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Good Vibes at the Dinner Table

Photograph courtesy of Tyson Foods, Deli Division

When dinner is at its best, shoppers say, good memories are made around the table. It is a time when they can unwind, connect with others and enjoy eating a delicious meal together. This may also be the one opportunity during the day for parents to find out what’s going on in their kids’ lives.1,2

Consumers idealize dinner more than any other meal of the day. They see it as a time to stop everything and relax, and a moment when everyone gets to be themselves. Those who plan meals strive to create a positive environment and re-create happy memories from childhood family dinners. But all too often, real life checks in, robbing them of the time they need to plan and shop or the expertise they wish they had to cook meals from scratch.3

When Tyson Foods, Deli Division, asked parents about the practicality of gathering everyone together for a family meal, parents admitted dinner had lost its importance, especially when up against busy schedules and picky palates. But when kids were asked, they gave a different and wholly unexpected response. They liked the expectation of dinner together and had a good feeling knowing there would be a dedicated time of the day when they would all sit down as a family.2

Tyson testimonial

 

The role of prepared foods at the dinner table 

Shouldn’t dinner be more than food? Shoppers have said they’d prefer mealtimes to deliver an experience that fulfills the expectation of something other than mere sustenance. But they routinely settle for less. While the ideal of a satisfying meal is still there, in practice it often falls short.3

Without inspiration, food is only fuel, meals are no more than sustenance and deli is only about convenience. Dinnertime really does mean something to consumers. They’ve made it clear they still want the meal experience. But they’re not confident in deli’s ability to deliver the meals they can be proud to serve. Tyson Foods worked with executives from industry giants such as Disney, Nike and United Airlines to get their opinion on how deli could work better for consumers. They all agreed that the category falls short with shoppers, and further observed that deli has the opportunity to offer solutions based on consumer need states such as occasion, lifestyle and the number of people they’re feeding. First, they cautioned, the category must recognize and correct the failures shoppers encounter in the deli.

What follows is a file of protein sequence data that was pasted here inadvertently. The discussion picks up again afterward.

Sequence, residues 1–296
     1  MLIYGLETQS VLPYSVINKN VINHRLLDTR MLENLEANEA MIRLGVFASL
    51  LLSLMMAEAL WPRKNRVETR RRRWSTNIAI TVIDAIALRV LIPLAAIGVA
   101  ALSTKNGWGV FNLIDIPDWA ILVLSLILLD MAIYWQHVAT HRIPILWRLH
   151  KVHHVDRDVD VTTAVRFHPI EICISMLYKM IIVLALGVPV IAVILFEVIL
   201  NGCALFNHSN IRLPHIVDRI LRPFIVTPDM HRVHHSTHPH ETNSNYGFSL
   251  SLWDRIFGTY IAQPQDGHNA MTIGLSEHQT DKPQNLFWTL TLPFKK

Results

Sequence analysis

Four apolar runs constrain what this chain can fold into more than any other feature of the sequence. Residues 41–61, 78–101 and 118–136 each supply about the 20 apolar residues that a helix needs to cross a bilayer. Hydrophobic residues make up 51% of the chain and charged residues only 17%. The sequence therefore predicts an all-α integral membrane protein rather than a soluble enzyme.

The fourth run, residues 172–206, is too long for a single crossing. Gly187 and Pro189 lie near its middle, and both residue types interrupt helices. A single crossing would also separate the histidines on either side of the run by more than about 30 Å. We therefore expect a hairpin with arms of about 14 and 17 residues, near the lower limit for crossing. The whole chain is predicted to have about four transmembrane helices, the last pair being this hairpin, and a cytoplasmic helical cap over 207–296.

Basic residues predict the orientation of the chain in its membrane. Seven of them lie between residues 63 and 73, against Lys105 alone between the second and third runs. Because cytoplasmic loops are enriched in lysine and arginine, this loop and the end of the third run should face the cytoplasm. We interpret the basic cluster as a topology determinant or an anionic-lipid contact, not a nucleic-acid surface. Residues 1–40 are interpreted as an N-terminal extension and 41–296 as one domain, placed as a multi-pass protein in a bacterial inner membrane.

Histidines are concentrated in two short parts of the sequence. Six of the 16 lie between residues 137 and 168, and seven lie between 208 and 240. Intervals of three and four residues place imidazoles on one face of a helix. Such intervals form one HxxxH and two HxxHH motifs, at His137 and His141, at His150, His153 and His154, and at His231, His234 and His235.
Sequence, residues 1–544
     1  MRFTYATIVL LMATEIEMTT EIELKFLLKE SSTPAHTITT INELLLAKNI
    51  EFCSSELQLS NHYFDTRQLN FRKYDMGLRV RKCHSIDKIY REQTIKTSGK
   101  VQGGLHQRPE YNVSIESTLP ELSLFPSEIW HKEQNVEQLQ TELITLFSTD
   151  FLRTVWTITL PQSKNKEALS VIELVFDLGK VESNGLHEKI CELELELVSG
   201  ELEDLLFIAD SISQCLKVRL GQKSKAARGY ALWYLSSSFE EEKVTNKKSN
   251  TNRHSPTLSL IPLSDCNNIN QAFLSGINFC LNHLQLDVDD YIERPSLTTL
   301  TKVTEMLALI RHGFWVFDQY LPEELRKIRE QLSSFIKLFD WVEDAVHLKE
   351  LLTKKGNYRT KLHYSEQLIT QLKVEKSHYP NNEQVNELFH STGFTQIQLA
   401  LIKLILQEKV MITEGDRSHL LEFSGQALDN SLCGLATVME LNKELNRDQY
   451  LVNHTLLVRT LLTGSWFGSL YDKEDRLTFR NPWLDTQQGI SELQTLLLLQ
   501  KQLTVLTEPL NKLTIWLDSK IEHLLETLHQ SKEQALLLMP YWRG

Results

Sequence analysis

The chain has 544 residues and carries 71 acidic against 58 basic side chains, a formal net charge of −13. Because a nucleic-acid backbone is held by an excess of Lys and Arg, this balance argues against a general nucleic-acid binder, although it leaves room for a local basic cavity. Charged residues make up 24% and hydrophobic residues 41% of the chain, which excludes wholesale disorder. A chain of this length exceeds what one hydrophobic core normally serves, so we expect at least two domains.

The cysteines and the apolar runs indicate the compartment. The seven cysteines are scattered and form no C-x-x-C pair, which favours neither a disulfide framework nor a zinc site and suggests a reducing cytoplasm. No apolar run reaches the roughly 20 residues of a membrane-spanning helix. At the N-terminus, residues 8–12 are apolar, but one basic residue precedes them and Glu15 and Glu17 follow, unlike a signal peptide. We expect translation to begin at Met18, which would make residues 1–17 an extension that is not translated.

The pursuit of a convenient and, to some extent, home-prepared meal is one reason why shoppers turn to prepared foods. But without a meal plan, they have reported numerous pain points in serving a random assortment of deli products.4

But what might happen if shoppers could rely on the deli department for help with meal planning? After all, it seems the department may be in a position to bridge the gap between the ideal of a satisfying dinner and the real experience consumers crave for their family dinner tables. 

In fact, there is no grocery department better positioned to inspire and educate consumers to create easy meals they can be proud to serve. Deli should have three missions, beginning with inspiration. Starting during the late afternoon dinner-decision hour, the department should reach out to consumers with digital messages focusing on easy meal ideas featuring prepared foods. Then, when shoppers enter the store, they should discover signage and recipe cards to help educate them, directing and facilitating their journey throughout the department. They should also find well-executed products at peak quality and at peak mealtimes, along with department staff ready to help make their dinner memorable.

Another feature that sets the deli apart is that it is positioned steps from thousands of other products, where shoppers can fill their carts with items to round out those easy meals they’re going to be proud to serve to their family and friends.4

Find out more about the unique ways Tyson Deli is approaching prepared foods at tysonvelocity.com/exclusive60.

 

Sources:

1) Tyson Foods, On the Go Study, 2015

2) Tyson Foods, Emotional Trigger Study, 2017

3) Tyson Foods, Unconventional Shopper Connections, 2017-2018

4) Tyson Foods, Prepared Foods Challenge, 2016

5) Tyson Foods, Vision Project, 2018

  

This post is sponsored by Tyson Foods, Deli Division

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